Forum for Science, Industry and Business

Sponsored by:     3M 
Search our Site:

 

Global trading scheme proposed to cut aviation and shipping emissions

17.06.2008
The workings of a much needed Global Emissions Trading Scheme for ships and planes have been published by Dr Terry Barker of Cambridge University and the Tyndall Centre for Climate Change Research.

His trading scheme is in response to the Intergovernmental Panel on Climate Change (IPCC) last year stating that a suitable framework for effective mitigation policies has yet to be devised. The UK Government’s Transport Minister, Ruth Kelly, is today expected to call for shipping to be included in emissions trading schemes at a meeting of the UN’s International Maritime Organisation (IMO).

The Global Emissions Trading Scheme (GETS) is designed to initially check the international rise in polluting emissions from ships and planes and raise revenues to support developing countries’ efforts to adapt and mitigate to climate change. It focuses on these emissions as they have been growing rapidly. Shipping is at least equal to the global emissions of aviation (2%) and possibly more than double (4.5%) according to IMO figures from earlier this year. Growth in international trade and travel could lead to a 75% rise in shipping emissions and even more for emissions from planes by 2020.

These projections mean that in the long term shipping and aviation will come to dominate emissions even if national mitigation policies are moderately successful. There are no controls on growth, they are not included under the Kyoto Protocol, and international transport is anyway outside of any national jurisdiction.

Yet though it is desirable to curtail the exponential growth of international transport, international trade is central to global economic development. GETS is designed to be an essential component of climate change policies that support economic growth and development through adoption of low-carbon technologies.

The GETS proposal applies to transport operators rather than countries and will aim to gradually reduce emissions to net zero between 2013 and 2052 over eight-year periods of emissions capping. Credits will be auctioned and operators can buy additional credits, if needed, from limited offsetting through the Clean Development Mechanism. The revenues from the auctions, calculated to be in billions of dollars, would be used to support Mexico’s Multilateral Climate Change Fund, or new CDM programmes. GETS should stimulate the necessary technological change to reduce transport emissions and to shift away from such offsetting. As alternative technologies and fuels are developed the costs will begin to fall, with much of the costs of buying allowances passed on to freight rates and passenger fares. Tyndall Centre research using global economic modelling will test these assumptions.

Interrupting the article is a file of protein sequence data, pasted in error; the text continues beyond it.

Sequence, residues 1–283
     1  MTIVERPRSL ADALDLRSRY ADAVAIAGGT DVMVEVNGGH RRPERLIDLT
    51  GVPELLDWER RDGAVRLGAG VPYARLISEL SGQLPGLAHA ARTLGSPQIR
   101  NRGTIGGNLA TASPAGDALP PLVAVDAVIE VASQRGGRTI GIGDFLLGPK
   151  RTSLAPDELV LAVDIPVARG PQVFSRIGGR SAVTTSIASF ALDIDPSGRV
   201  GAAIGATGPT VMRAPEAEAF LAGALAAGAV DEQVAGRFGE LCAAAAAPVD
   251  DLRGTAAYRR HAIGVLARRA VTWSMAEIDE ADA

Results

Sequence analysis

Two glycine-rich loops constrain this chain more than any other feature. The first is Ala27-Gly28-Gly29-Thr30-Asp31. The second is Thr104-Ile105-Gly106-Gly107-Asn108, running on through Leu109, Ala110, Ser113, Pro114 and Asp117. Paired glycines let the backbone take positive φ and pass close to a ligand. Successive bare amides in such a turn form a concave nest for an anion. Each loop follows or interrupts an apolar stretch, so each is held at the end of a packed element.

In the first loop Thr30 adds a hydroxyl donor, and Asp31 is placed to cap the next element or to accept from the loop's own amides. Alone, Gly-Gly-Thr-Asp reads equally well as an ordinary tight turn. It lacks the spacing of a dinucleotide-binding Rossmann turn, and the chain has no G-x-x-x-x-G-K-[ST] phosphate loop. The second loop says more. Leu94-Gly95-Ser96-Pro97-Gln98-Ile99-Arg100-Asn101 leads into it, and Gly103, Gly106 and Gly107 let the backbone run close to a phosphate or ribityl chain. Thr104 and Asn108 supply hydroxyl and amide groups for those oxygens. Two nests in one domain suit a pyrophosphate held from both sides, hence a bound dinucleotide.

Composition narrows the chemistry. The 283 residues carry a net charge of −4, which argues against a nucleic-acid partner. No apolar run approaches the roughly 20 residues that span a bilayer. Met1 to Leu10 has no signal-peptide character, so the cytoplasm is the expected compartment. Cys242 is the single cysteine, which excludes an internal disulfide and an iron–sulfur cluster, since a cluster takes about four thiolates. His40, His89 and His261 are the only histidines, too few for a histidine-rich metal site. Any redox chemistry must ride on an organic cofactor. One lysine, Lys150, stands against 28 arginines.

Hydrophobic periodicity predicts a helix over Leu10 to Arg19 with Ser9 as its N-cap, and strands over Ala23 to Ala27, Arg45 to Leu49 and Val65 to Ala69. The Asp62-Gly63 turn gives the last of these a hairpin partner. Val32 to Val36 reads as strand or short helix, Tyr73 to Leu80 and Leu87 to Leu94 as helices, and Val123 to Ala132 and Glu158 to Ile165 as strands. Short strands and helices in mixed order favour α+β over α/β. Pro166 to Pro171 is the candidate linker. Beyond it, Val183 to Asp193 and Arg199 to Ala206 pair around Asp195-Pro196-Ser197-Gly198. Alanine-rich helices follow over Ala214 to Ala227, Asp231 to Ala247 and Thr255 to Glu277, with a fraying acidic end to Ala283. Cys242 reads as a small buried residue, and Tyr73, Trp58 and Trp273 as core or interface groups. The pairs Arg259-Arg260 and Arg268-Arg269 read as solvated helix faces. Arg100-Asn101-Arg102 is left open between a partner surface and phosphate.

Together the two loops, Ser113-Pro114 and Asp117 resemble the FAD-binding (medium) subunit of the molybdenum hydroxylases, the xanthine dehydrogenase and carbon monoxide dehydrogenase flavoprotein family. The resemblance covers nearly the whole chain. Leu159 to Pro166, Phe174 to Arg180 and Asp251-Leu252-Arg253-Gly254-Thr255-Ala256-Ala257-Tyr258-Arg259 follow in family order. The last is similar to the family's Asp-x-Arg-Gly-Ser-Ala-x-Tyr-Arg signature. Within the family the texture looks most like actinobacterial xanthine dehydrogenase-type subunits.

Asher Minns | alfa
Further information:
http://www.tyndall.ac.uk/publications/briefing_notes/bn26.pdf

More articles from Ecology, The Environment and Conservation:

nachricht Litter is present throughout the world’s oceans: 1,220 species affected
27.03.2017 | Alfred-Wegener-Institut, Helmholtz-Zentrum für Polar- und Meeresforschung

nachricht International network connects experimental research in European waters
21.03.2017 | Leibniz-Institut für Gewässerökologie und Binnenfischerei (IGB)

All articles from Ecology, The Environment and Conservation >>>

The most recent press releases about innovation >>>

Die letzten 5 Focus-News des innovations-reports im Überblick: